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As metaverse takes shape, does public service fit?


September 9, 2022

What would happen if the internet evolved from something we access on devices to an immersive virtual space where we can live and work together?

It sounds like something from a science-fiction novel. But the metaverse is rapidly taking shape in the real world.

While there are many metaverse definitions, Accenture sees it as an evolving and expanding continuum of technologies and experiences. These technologies include, for example, virtual reality (VR); augmented reality (AR); apps driving new experiences; design tools and digital assets. And they’re all underpinned by connectivity technologies such as 5G and cloud.

The Metaverse Continuum — a spectrum of digitally enhanced worlds, realities and business models — is poised to reshape life and enterprise in the next decade. As it fuels the next wave of digital change, forward-looking organizations have a chance to act today and be ready for the future.

If you have questions about the metaverse, you are in good company. If you’re like me, you may be wondering:

  • Is this simply the latest version of the internet or will it drive more fundamental shifts in how we live and work?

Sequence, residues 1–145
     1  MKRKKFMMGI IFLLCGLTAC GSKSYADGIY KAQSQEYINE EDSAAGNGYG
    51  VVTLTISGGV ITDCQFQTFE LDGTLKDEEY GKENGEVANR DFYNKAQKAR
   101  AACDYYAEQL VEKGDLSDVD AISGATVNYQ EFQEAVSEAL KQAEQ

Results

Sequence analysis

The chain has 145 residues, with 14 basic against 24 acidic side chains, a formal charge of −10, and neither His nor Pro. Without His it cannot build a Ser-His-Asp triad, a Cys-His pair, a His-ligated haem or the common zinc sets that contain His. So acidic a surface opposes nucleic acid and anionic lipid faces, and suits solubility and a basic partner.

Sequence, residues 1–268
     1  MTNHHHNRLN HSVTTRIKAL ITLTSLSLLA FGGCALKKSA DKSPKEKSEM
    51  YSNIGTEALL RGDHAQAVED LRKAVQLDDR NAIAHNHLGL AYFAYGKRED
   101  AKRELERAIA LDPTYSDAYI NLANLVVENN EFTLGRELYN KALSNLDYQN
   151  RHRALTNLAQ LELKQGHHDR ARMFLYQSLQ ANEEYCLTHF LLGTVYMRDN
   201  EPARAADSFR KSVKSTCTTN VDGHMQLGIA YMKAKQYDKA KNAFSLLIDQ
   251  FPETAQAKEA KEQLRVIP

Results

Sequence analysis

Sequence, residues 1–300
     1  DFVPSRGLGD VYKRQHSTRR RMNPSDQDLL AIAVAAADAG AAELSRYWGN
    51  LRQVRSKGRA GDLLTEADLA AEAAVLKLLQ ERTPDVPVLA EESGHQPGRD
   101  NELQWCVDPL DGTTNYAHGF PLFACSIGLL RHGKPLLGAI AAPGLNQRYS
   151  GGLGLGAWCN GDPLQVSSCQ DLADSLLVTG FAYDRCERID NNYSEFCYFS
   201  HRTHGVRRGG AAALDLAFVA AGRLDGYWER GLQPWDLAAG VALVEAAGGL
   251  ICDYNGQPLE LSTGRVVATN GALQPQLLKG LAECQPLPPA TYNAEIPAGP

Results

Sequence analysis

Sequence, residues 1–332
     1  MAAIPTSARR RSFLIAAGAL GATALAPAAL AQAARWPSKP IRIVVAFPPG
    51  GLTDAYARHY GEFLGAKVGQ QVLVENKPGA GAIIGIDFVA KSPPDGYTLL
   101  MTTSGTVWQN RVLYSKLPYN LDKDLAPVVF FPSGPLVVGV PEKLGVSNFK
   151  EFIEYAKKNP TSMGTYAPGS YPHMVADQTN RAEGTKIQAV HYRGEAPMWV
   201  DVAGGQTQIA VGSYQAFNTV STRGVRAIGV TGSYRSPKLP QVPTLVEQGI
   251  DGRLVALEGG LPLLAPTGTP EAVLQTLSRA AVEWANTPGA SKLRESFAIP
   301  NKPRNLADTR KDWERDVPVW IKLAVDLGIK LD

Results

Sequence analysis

• What distinguishes the metaverse from digital transformation?
  • Most of all, what does it mean for mission-driven governments, nonprofits and other public service organizations?

As with any technology revolution, the answers to these metaverse questions will be dynamic. For now, though, here’s how we’re thinking about this new frontier.

How does the metaverse build on the technologies that came before it?

The 1990s introduced the internet of data. In the 2000s, we welcomed the internet of people. The 2010s gave us the internet of things. Now, in the 2020s, we’re entering “Web 3.0” — the internet of place and internet of ownership. The metaverse is enabling us to go beyond browsing to participating and/or inhabiting in a persistent shared experience. The metaverse experience reaches across the physical world, a fully virtual world and the space in between.